Brushes and rollers. Gloss and emulsion. Cutting in and beading. Everything you need to know wbout painting techniques.

Using a brush

A paintbrush is a versatile tool for applying primers, undercoats and varnishes, as well as topcoats to a variety of surfaces.

Use one for applying gloss to wood and metalwork and for painting where colours or surfaces meet—around windows and doors, for instance.

1. Stir the paint—unless it is non-drip. Make sure any liquid on the surface is thoroughly mixed into the paint by lifting the stick as you stir.

2. Choose a brush which is the right size. As a rough guide, paint window frames with a 25mm brush, door panels with a 25mm brush, and walls and other large surfaces with a 100mm brush. Grip large brushes around the handle and hold smaller brushes more like a pencil.

3. Flick the bristles against your hand to remove dust and any loose bristles or dried paint particles.

4. Dip the brush into a paint kettle, to about one-third of the bristle depth, to load it with paint.

5. Press the brush against the kettle wall to remove surplus paint. Do not scrape the brush over the rim of the kettle because too much paint will come off.

 

Painting with non-drip paint

Do not stir non-drip paint and do not remove any excess paint from the brush; it is meant to be heavily loaded. Apply the paint in horizontal bands. Don't overbrush or the paint will run.

 

Painting with gloss

1. Start at the top of the surface. Paint three vertical strips parallel with each other, leaving a gap just narrower than the brush width between the strips.

2. Do not reload the brush. Working from the top, brush across the painted area horizontally to fill the gaps and smooth the paint.

3. With the brush now almost dry, lightly go over the section you have just painted with vertical strokes to ensure an even coating, stopping on an upward stroke. This is called ‘laying off’.

4. Using the same technique, paint a similar sized section underneath the one you have completed. Work the wet paint into the dry.

Helpful tip: Line a paint kettle with aluminium foil—to make cleaning easier—and pour in paint to fill about one-third of the kettle. Do not work from the tin; you may contaminate the paint with dried paint, dirt and possibly rust from around the rim.

 

Painting with emulsion

1. Start at the top of the wall. Apply the paint in all directions, working horizontally across the surface and moving down when one band is complete. Do not put the paint on too thickly.

2. Lay off the paint with light brush strokes and a fairly dry brush, working in a criss-cross pattern. Lift the paint finally on upward strokes.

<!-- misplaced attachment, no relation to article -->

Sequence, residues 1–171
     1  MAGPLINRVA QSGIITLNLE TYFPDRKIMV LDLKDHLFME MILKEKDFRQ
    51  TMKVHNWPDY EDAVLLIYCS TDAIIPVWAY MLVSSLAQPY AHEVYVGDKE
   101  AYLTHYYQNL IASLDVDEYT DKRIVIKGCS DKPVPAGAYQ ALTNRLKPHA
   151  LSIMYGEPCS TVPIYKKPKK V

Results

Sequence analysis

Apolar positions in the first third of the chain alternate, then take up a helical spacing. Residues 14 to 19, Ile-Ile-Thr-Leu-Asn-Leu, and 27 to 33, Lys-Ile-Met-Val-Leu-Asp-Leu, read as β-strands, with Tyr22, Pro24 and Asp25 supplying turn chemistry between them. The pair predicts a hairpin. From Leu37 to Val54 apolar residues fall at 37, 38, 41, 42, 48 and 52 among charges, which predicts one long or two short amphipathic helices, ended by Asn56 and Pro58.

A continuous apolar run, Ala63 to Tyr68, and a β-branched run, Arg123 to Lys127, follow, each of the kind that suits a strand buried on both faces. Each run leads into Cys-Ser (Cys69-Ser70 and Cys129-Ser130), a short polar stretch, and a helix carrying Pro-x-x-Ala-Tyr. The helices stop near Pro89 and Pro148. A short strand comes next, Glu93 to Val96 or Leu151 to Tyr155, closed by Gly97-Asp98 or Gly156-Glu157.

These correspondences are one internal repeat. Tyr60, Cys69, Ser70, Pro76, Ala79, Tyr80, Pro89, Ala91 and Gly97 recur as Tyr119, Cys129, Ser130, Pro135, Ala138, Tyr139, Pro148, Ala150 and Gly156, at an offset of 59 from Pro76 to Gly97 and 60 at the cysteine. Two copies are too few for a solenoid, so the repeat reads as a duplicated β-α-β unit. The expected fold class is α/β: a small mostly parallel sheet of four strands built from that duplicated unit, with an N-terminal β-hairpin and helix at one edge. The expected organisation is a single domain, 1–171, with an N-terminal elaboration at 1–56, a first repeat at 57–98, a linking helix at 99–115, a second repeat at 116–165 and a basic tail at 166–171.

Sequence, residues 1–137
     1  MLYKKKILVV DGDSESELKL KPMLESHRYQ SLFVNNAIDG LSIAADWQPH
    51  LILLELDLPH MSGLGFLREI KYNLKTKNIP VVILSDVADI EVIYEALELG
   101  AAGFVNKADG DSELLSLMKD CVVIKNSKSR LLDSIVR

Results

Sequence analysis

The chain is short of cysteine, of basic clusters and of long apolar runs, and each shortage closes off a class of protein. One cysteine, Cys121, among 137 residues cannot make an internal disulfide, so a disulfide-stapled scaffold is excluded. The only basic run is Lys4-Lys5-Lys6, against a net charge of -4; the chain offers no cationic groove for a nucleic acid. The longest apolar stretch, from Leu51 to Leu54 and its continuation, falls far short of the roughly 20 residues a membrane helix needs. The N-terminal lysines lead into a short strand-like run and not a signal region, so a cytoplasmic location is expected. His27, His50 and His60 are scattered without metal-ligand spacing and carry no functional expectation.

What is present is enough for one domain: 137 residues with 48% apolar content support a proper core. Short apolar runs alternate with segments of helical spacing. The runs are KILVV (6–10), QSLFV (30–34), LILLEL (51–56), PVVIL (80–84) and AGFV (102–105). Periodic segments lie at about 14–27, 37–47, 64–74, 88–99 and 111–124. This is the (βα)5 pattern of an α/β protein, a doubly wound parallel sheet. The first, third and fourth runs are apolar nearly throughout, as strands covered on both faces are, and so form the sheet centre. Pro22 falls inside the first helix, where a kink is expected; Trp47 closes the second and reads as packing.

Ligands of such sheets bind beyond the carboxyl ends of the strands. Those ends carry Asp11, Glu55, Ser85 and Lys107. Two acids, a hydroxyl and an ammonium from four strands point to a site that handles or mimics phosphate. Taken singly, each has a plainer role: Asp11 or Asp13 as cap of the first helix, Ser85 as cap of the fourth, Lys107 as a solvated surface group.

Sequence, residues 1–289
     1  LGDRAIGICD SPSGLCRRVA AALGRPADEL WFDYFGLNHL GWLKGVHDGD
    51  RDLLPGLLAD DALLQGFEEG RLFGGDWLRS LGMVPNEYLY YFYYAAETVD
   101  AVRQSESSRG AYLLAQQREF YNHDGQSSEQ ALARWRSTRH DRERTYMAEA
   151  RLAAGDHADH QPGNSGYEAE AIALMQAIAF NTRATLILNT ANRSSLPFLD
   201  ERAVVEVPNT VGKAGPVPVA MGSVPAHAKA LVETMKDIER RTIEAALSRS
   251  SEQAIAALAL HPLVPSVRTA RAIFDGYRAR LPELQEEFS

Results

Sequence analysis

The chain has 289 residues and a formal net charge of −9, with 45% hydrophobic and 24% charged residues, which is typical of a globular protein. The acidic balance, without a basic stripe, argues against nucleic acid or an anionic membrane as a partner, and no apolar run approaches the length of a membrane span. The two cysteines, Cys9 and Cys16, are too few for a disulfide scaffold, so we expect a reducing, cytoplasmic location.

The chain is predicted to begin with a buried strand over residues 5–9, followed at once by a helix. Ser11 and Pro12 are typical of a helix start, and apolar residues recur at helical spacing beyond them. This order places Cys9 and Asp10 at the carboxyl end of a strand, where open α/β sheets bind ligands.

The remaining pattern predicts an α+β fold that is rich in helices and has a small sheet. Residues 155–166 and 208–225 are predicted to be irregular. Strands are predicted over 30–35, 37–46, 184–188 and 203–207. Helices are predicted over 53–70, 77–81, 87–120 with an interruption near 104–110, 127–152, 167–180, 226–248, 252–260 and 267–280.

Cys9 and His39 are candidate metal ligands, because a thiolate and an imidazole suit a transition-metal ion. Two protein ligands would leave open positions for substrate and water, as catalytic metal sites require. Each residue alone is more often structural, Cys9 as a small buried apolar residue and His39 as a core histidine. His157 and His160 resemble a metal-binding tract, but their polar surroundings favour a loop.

Painting a textured surface

When painting a surface with a heavy texture or relief, load the brush with more paint than for a smooth ceiling or wall.

This cuts down the time it takes to coat the surface and fill all the little indentations. But dip to only a third of the bristle depth.

If you are painting a relief wallpaper, Anaglypta for example, use a brush as wide as you can comfortably manage without putting too much strain on your wrist.

A 100mm paintbrush is ideal. With a textured coating on a wall or a ceiling, you can use a shaggy pile roller.

 

Using old paint

Wipe the rim before you open an old tin of paint. If a skin has formed, cut around the edge and lift it out. Stir the paint well and then strain it through an old stocking to remove any bits of hardened paint.

 

‘Beading’ where colours meet

Where walls meet the ceiling and where adjacent walls are of different colours, keep the meeting edge as straight and as neat as possible. Do not rush the job.

1. Turn the paintbrush edge on, holding it like a pen.

2. Load the brush with enough paint to cover about one-third of the bristle depth.

3. Press the brush flat against the surface so that a small amount of paint (the bead) is squeezed from the bristles. Work towards the edge gradually, rather than trying to get close immediately.

4. Draw the brush sideways or downwards along the surface, keeping your hand steady.

 

Cutting in

Achieve a neat finish along wall and ceiling edges by first painting the edges with a brush, before switching to a roller or pad.

1. Paint four or five overlapping strokes at right angles to the edge.

2. Cross-brush over the painted area in a long, sweeping motion, keeping parallel with the edge.

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